would cost Rs2000 (US$ 45) in Mumbai.
Mobile base stations use as much as 80% of the total energy consumed by the
phone networks and almost 50% of which is used for cooling.
   Solar Power
   Wind Power
   Bio Gas
   Less Polluting fuel like CNG etc.
   The move from diesel to solar energy sources could result in
    savings of $1.4 billion in operating expense for tower companies.
   Some equipment vendors have launched wind-powered radio base
    stations which do not require feeders and cooling systems,
    resulting in upto 40% lower power consumption.
   An outdoor BTS can perform in extreme climatic conditions in
    places where diesel and electricity supply is inadequate. Using an
    outdoor BTS reduces Capex by about 15% of the site cost and Opex
    by 25% as it lowers power consumption and eliminates the need
    for a shelter.
   Operators are also using CNG generators instead of diesel. The fuel
    opex can be reduced 25% using fuel cells and 14% through CNG
    generators.
   Irbaris estimates that mobile industry emissions were 90 mega-
    tonnes of carbon dioxide equivalent (Mt CO2e) in 2002 rising to
    245 Mt CO2e by 2009. During this period, the industry grew
    from 1.1 billion to 4.6 billion connections, whilst GSM
    network coverage increased to over 90% of the world’s
    population in 2009 from 50% in 2002 and a new generation of
    mobile broadband networks, 3G HSPA, began to be built out.
    Emissions per connection actually fell by 30% from 2002 to
    2009.
   The mobile industry forecasts that business and technology
    innovations by mobile operators and vendors will ensure
    that emissions remain at the 2009 level in 2020, even as
    the industry’s total connections rise to 8 billion
   Mobile operators and vendors are working on a
    number of initiatives to develop energy efficient
    networks and ensure that their customers use
    energy-efficient handsets.
   Designing low energy base station sites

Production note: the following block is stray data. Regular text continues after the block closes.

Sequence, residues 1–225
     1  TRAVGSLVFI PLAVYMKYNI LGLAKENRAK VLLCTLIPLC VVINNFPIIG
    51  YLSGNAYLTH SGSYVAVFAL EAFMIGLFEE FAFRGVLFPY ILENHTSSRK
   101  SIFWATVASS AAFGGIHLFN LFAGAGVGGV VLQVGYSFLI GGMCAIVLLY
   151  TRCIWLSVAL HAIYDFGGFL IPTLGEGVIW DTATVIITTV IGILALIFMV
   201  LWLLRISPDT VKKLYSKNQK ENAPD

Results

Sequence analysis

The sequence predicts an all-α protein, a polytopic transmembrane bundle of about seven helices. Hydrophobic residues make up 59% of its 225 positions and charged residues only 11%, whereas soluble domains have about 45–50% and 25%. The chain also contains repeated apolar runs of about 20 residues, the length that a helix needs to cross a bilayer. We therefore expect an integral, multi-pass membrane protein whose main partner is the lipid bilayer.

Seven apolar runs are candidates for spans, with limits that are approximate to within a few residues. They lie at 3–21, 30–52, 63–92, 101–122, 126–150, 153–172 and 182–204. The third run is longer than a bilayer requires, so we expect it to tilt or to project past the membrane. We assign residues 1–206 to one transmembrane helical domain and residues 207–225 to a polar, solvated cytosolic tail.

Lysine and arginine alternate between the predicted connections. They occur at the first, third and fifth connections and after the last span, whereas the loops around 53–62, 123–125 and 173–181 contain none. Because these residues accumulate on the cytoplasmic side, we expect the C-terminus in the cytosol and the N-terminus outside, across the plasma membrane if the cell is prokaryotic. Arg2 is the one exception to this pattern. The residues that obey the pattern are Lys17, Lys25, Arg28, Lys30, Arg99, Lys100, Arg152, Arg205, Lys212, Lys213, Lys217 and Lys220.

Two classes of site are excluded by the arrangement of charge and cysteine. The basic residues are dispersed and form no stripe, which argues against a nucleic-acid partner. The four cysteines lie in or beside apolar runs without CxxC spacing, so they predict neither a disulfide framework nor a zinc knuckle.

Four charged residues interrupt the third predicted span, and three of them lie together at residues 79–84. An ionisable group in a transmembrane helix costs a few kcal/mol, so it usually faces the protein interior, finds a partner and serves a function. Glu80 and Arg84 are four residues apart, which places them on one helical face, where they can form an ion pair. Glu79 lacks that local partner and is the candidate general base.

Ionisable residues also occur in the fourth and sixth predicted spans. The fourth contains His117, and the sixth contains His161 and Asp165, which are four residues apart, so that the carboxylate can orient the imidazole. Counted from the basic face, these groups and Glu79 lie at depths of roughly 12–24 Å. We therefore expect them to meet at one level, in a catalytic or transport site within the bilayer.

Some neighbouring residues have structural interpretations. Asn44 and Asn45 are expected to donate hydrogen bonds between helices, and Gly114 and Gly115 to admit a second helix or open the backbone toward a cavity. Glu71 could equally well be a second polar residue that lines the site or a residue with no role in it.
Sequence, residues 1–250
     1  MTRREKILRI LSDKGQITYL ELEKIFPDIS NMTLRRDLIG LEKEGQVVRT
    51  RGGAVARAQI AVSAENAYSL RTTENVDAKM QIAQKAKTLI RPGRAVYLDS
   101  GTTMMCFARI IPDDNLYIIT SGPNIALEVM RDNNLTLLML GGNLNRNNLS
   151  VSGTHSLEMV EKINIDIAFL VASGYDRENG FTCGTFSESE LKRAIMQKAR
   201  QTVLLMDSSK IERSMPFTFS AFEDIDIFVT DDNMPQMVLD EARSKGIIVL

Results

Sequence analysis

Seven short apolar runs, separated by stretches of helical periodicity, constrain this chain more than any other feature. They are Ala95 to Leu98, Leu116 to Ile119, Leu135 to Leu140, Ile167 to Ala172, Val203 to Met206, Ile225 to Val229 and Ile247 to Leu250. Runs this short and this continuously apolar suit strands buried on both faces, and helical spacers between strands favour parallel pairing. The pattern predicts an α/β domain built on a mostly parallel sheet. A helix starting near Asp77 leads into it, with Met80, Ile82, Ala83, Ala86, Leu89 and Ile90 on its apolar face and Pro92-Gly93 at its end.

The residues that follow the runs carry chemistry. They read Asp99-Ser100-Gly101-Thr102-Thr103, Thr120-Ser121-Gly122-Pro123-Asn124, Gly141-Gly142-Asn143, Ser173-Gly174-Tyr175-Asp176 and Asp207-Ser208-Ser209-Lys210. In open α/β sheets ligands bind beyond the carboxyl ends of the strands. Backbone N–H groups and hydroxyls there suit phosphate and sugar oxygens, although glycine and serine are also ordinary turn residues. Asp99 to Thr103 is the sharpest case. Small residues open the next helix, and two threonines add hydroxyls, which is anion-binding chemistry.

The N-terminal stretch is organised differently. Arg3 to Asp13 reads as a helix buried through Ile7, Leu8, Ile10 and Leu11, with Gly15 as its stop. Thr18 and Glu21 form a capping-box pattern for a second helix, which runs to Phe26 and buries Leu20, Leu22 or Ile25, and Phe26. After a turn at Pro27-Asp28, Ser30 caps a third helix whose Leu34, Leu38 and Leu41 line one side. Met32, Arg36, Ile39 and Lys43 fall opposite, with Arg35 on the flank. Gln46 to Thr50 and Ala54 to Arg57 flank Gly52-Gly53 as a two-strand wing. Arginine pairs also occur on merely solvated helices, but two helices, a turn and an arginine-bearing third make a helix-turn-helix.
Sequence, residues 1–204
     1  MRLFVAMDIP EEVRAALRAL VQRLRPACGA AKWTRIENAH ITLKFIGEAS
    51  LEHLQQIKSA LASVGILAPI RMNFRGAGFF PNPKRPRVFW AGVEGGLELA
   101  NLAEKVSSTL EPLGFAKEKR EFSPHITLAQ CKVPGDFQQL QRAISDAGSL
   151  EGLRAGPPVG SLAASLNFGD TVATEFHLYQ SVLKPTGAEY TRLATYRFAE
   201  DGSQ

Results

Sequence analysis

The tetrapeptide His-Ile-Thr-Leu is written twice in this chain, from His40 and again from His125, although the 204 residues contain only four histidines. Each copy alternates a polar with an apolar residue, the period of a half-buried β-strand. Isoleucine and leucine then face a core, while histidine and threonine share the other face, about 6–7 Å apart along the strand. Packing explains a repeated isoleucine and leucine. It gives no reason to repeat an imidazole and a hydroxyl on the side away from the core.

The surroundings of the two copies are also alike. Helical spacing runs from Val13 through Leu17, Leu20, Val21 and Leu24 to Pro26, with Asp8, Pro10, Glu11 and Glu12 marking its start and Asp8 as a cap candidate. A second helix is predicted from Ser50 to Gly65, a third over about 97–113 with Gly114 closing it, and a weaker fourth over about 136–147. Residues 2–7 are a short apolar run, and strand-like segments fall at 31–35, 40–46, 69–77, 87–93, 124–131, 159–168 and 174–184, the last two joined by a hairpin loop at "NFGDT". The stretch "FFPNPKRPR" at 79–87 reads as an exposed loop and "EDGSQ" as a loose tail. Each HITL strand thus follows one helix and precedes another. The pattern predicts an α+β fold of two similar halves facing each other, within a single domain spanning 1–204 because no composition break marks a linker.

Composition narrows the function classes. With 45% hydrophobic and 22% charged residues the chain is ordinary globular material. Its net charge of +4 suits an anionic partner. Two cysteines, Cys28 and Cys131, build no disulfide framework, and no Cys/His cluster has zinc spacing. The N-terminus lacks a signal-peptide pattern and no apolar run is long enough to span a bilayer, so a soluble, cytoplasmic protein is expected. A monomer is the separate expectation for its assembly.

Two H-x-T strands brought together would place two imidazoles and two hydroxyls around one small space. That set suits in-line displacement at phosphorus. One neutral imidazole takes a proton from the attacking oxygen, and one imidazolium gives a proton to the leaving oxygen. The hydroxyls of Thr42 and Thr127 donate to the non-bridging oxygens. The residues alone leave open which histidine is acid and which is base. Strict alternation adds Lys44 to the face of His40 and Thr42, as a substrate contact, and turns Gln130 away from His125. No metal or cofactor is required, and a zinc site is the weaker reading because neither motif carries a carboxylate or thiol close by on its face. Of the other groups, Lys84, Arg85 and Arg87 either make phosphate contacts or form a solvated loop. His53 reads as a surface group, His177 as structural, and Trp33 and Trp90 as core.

   Deploying base-stations powered by renewable energy
   Implementing infrastructure optimisation and sharing
   Reducing mobile device life cycle emissions through
    design and recycling
   Considerable improvements in energy efficiency of base stations
    have been realised in recent years. For example, Ericsson has
    reduced the annual direct CO2e emissions per subscriber in the
    mobile broadband base stations it supplies from 31 kg in 2001 to 17
    kg in 2005 and to 8 kg in 2007. Nokia Siemens Networks
    announced in 2009 a new SM/WCDMA cabinet-based BTS with
    a power consumption of 790 W, versus 4,100 W for the
    equivalent model from 2005.Alcatel-Lucent also developed
    innovative techniques such as the Dynamic Power Save feature on
    their GSM/EDGE mobile networking portfolio, which reduces
    power consumption when the traffic drops with no impact on
    service quality. This enhancement reduces average power
    consumption by 25-to-30%, and can be installed on all Alcatel-
    Lucent base stations deployed since 1999.
   In India, there are more than 3,00,000 telecom towers.
    Monitoring the EMF radiation level of these telecom
    towers is a challenge.
   Presently, operator has to submit the self certification
    declaring the EMF radiation exposure by BTS within
    prescribed limit.
   Department of Telecommunications (DoT) has
    instructed service providers for confirming to limits for
    Base station emissions for general public exposure as
    prescribed by International Commission on Non-ionizing
    Radiation Protection(ICNIRP).
Frequency Range   E-field       H-Field       Power
                  strength      Strength      Density
                  Volt/Meter)   (Amp/Meter)   (Watt/    Sq
                                              Meter)
400 to 2000 MHz   1.375 f 1/2   0.003f1/2     f/200
20 GHz to 300 GHz 61            0.16          10
   Internationally, agencies like International Commission on
    Non-ionizing Radiation Protection (ICNIRP) and Institute of
    Electrical and Electronics Engineers (IEEE), have published
    their reports giving acceptable safe limits of electromagnetic
    radiations from telecom towers.
   Majority of Countries including India follow the radiation limit
    prescribed by ICNIRP like UK, Australia, Japan, New Zealand,
    South Korea, France, Sweden, Norway, Philippines, Ireland
    and Finland. However, some countries like US, Russia, Turkey
    has prescribed their own radiation limit which is generally
    lower than the ICNIRP limit.
   In US, FCC has measurement instrumentation for evaluating RF
    levels. FCC does not perform RF exposure investigations unless